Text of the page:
Profile: The Rainmaker A Hopi leader champions clean power in Indian Country
by Marilyn Berlin Snell
THE STRIATED CLIFFS OF BLACK MESA jut thousands of feet into the pale blue heavens, breaking up the tufted grasslands of the Colorado Plateau. Seen from the air, the 2,000-square-mile mesa, one of Arizona's largest geologic wonders, looks like a hand. Over millennia, ephemeral streams have cut deep washes into Black Mesa's southern escarpment. Many Hopi Indian villages, including the oldest continually inhabited settlement in the United States, are strung in the spaces between the fingerlike prongs.
Why anyone would choose to settle in this inhospitable, semiarid landscape, which receives only 6 to 14 inches of rain annually, is a mystery to outsiders. Yet it has been home to desert dwellers like the Hopi and their ancestors for thousands of years.
Archaeologists have found corn harvested around the time of Christ's birth on the Colorado Plateau, and agriculture has continued here through the ages. Nearly 40 years ago, my family drove through Many Farms, an incongruously verdant section of the plateau, where I was first introduced to the miracle of Hopi dry-farming techniques, in which crops are watered only by rain and runoff. Those young sprouts of green seemed a wonder to my child's mind, and when I look at the photograph my father took that day--enlarged and framed on my wall--I get the same sense of awe that anyone could coax life-sustaining corn from such desiccated and clumpy red ground.
Vernon Masayesva and his family have been corn growers, sheepherders, and miracle workers for generations. He says there's really nothing extraordinary about desert survival; it's just a matter of common sense and respect. "When you are a farmer in a waterless world, you get to know water's power," says Masayesva, 67. "You never waste water. If you do, the rains are going to stop coming." In creation stories, the Hopi people emerge from water to make a covenant with Masaw--the caretaker, guardian, and protector of Earth--to carry on the stewardship role in their new home. If they fail to honor the covenant, they will be punished. "It's not a theory," Masayesva says. "It's Masaw's law."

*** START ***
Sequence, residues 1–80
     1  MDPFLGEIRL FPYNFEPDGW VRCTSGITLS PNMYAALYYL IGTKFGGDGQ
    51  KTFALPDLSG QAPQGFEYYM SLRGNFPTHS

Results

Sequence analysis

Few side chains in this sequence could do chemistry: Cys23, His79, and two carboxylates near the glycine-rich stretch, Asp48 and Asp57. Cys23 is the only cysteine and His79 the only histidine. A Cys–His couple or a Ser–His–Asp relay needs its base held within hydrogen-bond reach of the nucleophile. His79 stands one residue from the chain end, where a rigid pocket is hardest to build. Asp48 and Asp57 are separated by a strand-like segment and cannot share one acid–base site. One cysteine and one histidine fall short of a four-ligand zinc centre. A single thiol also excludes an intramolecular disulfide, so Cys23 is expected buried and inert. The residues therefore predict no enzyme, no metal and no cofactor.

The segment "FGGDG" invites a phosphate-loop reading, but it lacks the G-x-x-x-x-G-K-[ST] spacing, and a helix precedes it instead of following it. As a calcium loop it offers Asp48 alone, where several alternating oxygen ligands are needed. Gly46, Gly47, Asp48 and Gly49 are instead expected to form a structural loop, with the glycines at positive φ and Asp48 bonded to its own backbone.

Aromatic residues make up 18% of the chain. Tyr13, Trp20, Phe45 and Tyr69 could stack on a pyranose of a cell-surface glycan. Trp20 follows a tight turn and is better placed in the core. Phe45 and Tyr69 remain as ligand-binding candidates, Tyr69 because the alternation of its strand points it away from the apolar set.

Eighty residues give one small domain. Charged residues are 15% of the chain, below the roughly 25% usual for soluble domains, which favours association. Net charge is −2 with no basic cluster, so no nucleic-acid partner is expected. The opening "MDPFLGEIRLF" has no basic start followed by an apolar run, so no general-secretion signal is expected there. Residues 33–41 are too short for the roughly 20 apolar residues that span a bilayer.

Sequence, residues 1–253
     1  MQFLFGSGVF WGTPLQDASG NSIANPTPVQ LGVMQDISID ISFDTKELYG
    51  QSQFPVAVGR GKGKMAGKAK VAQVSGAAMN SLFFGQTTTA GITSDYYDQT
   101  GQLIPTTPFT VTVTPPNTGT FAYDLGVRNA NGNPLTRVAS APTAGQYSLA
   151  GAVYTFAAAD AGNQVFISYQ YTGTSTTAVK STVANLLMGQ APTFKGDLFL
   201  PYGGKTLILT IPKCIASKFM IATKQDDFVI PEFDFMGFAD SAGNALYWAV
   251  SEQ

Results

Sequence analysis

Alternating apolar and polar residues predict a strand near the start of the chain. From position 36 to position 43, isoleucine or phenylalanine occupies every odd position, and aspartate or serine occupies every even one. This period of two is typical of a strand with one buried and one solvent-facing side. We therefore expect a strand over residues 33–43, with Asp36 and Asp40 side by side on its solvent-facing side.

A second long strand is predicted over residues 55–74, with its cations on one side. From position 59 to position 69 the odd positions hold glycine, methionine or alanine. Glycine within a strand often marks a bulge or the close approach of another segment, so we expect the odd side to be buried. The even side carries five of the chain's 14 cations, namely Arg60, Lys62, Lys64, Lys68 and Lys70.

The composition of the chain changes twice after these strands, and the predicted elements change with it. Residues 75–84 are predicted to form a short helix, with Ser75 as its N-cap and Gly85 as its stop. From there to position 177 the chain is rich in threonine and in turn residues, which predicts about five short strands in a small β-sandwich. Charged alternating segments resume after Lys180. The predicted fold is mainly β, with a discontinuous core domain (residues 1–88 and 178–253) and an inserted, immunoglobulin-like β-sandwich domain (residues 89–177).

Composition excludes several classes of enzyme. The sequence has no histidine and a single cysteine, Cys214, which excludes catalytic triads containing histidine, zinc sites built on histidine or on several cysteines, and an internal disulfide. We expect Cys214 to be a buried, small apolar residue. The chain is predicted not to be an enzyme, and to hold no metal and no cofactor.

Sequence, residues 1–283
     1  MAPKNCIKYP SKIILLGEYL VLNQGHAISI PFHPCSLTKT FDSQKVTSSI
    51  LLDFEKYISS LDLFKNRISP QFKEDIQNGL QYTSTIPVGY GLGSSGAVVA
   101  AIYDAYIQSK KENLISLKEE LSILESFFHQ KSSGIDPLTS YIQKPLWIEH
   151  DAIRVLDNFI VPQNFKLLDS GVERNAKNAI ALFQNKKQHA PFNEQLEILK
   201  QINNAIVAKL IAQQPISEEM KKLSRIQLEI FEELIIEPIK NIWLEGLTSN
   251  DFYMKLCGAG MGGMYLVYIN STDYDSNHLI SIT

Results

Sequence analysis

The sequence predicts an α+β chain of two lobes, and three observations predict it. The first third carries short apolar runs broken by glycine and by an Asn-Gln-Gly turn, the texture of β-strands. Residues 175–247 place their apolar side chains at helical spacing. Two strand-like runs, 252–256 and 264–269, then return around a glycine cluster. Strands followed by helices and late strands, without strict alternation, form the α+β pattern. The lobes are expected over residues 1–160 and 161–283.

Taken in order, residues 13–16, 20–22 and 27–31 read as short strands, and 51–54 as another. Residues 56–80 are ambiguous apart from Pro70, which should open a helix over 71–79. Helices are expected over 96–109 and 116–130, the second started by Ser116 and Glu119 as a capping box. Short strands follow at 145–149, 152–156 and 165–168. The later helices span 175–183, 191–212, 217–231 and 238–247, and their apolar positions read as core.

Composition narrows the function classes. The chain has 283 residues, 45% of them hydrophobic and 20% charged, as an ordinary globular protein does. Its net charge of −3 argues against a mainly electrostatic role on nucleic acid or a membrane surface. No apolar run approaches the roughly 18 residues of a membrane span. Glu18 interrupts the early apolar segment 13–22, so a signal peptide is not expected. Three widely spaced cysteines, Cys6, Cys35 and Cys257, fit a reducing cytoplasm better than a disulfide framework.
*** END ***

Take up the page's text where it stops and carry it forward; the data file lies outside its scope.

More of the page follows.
We are sitting in Masayesva's comfortable home at the base of Third Mesa, one of the fingers of the southern escarpment. His father still grows corn farther up the slope near Hotevilla, where Masayesva and his eight younger siblings help with planting each year. They don't employ modern techniques, preferring instead to sometimes soften the seeds in their mouths before using a planting stick to create a hole. "Every planting is special," says Masayesva. "You plant deep to reach the moisture; you carefully cover the seed, making a little dam around it so the rains puddle up." The corn is eaten, but it's also an essential ingredient in religious rites and ceremonies, weddings, and other cultural events. The lack of it affects what families can contribute to the vitality of community life.
Dusk and cooling air have invigorated the birds in the palo verde tree outside Masayesva's window; this is a gentling time of day, when the desert's intemperate heat abates and its inhabitants begin to stir. I'm wondering when he's going to turn on the lights so that I can see the notes I'm taking at his paper-strewn dining-room table, but he doesn't seem to notice my predicament. Or he notices and is smiling. I can't see well enough to tell.
Masayesva is a member of the Coyote Clan. He is slight, with sculpted cheekbones and a countenance drawn down by gravity. He maintains that face, which appears to be frowning, even when joking to a stranger. (He had greeted me through his screen door with no more than a deadpan "Come on in, too-tall lady.") The discomfort produced by not quite knowing what to make of him seems to amuse the man.
That ability to take people out of their comfort zones--to gain an advantage and perhaps force consideration of different points of view--has been a hallmark of Masayesva's eclectic career. "The jobs I've taken were ones where I had to do something different, not just carry on in the same old way." He corrects himself, adding, "They weren't jobs, really, but more like passions." In the 1970s, after he became the principal of his alma mater, Hotevilla Day School, he proceeded to dust off government regulations and use them to transfer control of the school from the Bureau of Indian Affairs, which he felt was underserving the students, to the students' parents.